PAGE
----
China’s Little Sisters Power drives consumption

China’s female consumers – so-called “Little Sisters” or the “she economy” – is becoming increasingly influential in post-pandemic brand-building in the world’s second largest economy.

Doreen Wang, CEO of Kantar China, guest speaker at the Greater China Conference 2021 shared that in China the key words for consumers included pride versus pragmatism.  Chinese feel a sense of pride that their government has been able to effectively control the Covid-19 pandemic.

Similarly, the pandemic has made them health conscious, yet they also want to spend more time and money on themselves -- a new balance between health and indulgence. At the same time, new brands are emerging, but uniquely to China, there has been a resurgence in old brands. Adding to the conundrum, shoppers are seeking bargains but also premium products.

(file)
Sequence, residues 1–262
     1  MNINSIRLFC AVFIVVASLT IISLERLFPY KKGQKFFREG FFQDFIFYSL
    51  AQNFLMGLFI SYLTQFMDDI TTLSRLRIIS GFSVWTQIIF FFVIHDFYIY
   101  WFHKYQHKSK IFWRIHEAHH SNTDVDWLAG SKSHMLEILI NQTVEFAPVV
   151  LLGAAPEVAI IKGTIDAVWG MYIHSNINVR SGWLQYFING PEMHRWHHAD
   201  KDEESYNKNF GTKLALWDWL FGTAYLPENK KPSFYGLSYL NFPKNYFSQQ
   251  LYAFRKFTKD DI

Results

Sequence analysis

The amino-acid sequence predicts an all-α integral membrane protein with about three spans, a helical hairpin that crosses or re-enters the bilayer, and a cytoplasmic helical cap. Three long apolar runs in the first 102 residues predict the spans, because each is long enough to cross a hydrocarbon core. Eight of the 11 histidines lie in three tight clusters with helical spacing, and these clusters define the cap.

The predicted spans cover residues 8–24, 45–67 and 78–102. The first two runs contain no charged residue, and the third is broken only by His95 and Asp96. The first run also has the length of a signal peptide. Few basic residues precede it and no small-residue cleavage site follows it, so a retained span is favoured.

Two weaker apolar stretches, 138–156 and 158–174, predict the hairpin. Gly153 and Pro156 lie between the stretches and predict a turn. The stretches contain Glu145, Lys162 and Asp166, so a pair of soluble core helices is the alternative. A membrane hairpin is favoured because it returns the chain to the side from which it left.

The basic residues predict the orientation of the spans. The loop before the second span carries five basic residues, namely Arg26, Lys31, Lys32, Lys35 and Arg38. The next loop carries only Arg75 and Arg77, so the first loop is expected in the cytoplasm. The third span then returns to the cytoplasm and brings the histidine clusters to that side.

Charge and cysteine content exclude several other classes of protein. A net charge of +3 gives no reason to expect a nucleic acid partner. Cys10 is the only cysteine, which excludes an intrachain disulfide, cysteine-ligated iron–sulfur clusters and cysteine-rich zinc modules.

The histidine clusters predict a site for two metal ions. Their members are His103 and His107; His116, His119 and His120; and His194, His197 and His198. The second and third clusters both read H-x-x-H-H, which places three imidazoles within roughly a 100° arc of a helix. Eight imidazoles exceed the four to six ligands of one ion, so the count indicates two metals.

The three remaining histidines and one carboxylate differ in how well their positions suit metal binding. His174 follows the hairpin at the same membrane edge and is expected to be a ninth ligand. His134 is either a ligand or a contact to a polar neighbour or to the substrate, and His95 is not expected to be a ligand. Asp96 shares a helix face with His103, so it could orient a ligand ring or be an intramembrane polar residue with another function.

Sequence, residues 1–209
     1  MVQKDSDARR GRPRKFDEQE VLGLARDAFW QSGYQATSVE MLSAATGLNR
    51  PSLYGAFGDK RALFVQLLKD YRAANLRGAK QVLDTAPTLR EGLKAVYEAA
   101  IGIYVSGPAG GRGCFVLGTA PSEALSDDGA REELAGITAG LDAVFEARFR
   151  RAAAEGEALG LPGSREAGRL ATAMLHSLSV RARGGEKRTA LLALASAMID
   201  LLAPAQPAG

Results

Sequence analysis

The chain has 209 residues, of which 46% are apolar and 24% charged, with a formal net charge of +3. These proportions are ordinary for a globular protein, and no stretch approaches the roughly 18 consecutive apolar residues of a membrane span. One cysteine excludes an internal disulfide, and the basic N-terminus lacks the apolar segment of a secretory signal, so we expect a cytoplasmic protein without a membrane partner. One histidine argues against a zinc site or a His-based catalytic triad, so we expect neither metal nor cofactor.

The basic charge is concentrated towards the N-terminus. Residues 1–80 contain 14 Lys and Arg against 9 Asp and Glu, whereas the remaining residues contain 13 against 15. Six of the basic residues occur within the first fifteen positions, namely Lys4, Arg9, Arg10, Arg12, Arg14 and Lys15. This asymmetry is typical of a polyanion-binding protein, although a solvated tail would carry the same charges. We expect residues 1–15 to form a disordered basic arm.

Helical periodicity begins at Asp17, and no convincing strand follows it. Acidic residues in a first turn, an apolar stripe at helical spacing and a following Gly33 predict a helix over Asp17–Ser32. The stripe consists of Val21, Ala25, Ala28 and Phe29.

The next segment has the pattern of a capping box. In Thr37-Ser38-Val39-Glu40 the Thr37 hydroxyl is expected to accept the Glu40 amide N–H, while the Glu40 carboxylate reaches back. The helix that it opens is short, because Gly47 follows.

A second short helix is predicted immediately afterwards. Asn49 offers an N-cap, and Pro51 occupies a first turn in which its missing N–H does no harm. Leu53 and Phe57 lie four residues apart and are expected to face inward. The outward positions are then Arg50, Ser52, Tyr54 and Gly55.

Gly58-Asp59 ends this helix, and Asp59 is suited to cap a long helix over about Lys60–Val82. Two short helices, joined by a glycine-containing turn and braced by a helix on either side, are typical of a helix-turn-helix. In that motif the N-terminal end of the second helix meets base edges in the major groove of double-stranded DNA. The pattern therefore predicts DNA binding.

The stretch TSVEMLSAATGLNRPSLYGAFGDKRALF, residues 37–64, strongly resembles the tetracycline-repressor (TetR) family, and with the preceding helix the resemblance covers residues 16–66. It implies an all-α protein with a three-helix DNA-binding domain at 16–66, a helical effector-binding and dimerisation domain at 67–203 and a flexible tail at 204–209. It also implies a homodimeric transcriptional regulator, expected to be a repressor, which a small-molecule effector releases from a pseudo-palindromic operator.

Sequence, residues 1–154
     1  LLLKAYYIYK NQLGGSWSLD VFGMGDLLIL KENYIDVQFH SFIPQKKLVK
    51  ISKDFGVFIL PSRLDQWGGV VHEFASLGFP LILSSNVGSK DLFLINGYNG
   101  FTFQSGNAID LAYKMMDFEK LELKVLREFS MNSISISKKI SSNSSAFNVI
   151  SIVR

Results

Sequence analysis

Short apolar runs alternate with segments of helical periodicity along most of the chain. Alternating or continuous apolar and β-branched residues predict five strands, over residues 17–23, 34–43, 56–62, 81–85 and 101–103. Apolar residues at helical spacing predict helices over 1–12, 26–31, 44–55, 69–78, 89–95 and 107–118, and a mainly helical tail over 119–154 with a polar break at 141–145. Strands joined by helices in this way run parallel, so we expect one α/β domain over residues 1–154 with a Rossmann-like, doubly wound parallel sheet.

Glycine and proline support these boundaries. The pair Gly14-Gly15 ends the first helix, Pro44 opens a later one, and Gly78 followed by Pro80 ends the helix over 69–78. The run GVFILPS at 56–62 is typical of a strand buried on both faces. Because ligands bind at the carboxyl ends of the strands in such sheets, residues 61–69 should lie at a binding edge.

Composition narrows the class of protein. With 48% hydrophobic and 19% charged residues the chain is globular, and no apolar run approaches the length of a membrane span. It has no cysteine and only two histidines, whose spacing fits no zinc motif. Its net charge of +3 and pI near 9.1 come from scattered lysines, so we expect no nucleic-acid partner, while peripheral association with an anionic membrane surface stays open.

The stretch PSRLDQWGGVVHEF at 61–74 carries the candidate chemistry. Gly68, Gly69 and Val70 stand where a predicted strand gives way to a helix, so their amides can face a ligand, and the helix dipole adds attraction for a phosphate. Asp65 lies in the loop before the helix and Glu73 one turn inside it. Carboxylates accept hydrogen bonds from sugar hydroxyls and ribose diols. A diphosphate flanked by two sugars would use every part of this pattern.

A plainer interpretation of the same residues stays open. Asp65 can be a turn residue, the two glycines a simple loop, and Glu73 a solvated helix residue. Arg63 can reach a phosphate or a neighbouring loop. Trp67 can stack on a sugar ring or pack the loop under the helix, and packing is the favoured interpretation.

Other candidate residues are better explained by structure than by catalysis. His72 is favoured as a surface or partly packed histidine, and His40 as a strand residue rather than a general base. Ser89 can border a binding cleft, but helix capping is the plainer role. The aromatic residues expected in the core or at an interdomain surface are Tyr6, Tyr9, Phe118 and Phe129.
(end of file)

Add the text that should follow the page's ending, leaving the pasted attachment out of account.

What is certain, however is that the “she economy” is developing rapidly, Ms. Wang said. And they are not just millennials, but Generation Z consumers and even their grandmothers. “Females are participating more,” she said in a session.

Ms. Wang added the most successful brands were those that had deep-rooted themselves in the hearts of consumers. In the past 10 years, companies with stronger brands had grown 4.5 times faster than other MSCI China growth stocks. For the brands attracting most loyalty, that growth was 6.7 times.  “Valuable brands deliver superior returns,” she said.

That said, the popularity of leading brands has changed rapidly over the years. “Change is the only thing that doesn’t change in China,” Ms. Wang said.

Little sister power isn’t just noticeable in traditionally female dominated categories such as cosmetics. Wang said male-dominated categories were now focused on “she.”